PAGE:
After an unexpected and disappointing 2021 season, the culture of the Spartans continued to shine through in their early signing period.
Eight months out, the 2022 season is already much highly anticipated to say the least.
A brief on the 2021 season
The areas that cursed the Spartans were a high rate of turnovers, penalties and dropped passes.
A bit deeper look could source back to the seven-week injury loss of star quarterback Nick Starkel, a receiving corp that took a while to ramp up, a weakened offensive line and even a very tough early travel schedule that would wear on anyone, especially a student-athlete.
None to be an excuse, of course, for the final 5-7 record, especially after a magical 2020 season – just even more to look forward to.
In Sparta, like probably no other year under Brent Brennan’s program, it’s pure excitement and even higher expectations.
Leading that buzz from the transfer portal is former and proven Hawaii quarterback, Chevan Cordeiro, with two seasons of eligibility.
In 36 games, the Hawaiian native amassed 6,167 passing yards, 45 TD passes (22 INTs) and also showed his dual-threat capabilities with 1,083 rushing yards and 13 TD runs.
“We had a great weekend with Chevan’s family on their official visit,” said Brennan. “It was really awesome for them to want to be a part of all this.”
A surprise to many who follow Mountain West football, it wasn’t so much a surprise by observing Brennan’s program culture and Cordeiro (and the ‘Bows) over the years.
Cordeiro was originally recruited by former Hawaii head coach Nick Rolovich for a run-and-shoot offense that veered to a much different offense under current Rainbow coach Todd Graham.
Now with two very capable dual-threat quarterbacks in Cordeiro and Nick Nash, OC Kevin McGiven will get more toys to conjure with.
“Kevin McGiven has been in his office for 10 days straight with the lights out watching game film. The guy needs to shave,” joked Brennan on the question of a new offense with both QBs. “Coach McGiven is pouring over film. He’s got 10 million formations and plays drawn up.”
“After we’re done here, I’m going to pull him out of his office.”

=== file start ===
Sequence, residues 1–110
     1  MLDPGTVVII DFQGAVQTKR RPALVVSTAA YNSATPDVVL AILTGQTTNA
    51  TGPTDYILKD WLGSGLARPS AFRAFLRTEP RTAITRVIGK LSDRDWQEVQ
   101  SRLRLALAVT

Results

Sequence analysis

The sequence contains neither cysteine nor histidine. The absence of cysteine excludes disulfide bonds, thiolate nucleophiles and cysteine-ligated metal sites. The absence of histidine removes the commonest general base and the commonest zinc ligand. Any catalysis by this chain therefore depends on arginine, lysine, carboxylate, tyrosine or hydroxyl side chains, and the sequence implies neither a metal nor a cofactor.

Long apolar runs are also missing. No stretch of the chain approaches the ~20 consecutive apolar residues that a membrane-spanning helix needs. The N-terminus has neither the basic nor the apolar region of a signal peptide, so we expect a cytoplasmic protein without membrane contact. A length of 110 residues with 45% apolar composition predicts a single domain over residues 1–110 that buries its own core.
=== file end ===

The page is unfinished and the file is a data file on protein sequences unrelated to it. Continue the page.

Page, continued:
+16 more value recruits
QB: 6’3 Tyler Voss from Southern California’s Valencia High School is a formidable three-star recruit.
“We were so excited when he chose us,” said Brennan on Voss. “He comes from a great family - just incredible people; his mom, dad and brother.”
WRs: 6’4 Elijah Cooks and 6’2 Justin Lockhart are immediate plug-and-play receivers and contributors from the Nevada Wolf Pack who will help upgrade the Spartan receiving group.
Cooks coming off a season ending foot injury will count on the exceptional Spartan training staff.
Incoming freshman receiver Kejuan Bullard looks to be another multi-faceted athlete rounding out the early receiver signings.
RBs: 5’11 Jakob Galloway, 5’10 Villiami Teu and 6’1 Camdan McWright come off vaunted high school careers and expect to immediately ratchet up the backfield competition level.
Teu is also star Spartan defensive end Villiami Fehoko’s nephew and younger brother of former Spartan RB Romeo Teu.
OLs: Uluakinofo Taliauli, Denaris DeRosa, James McNorton, Bryce Peterson and Jake Steele will be entrusted to OL coach Josh Ogelsby in another high-pressure area to reinforce for the Spartans.
Along with Teu, Taliauli and DeRosa come from St. Francis High School in the South SF Bay area.
Defense: rounding out the California tour on the defensive side are three linebackers and defensive linemen – Justin Eklund, Damonie Perkins, Justin Stearns and Noah Lavulo, respectively.
More surprises expected?
“Our culture - our feel - the vibe of our program is a critical component to players choosing us,” said Brennan on recruiting expectations. “I think our current players also do an incredible job in the process.”
“The biggest thing is helping people that visit feel it.”
Through the winning and hard losses, Brennan has always kept the cultural foundation about the players overall experience and beyond. It’s the “beyond” that many fleeting and finicky critics and fans don’t truly understand.
“I tell recruits all the time when they’re out on visit – trust your gut,” said Brennan. “If it feels good, it’s probably right for you.”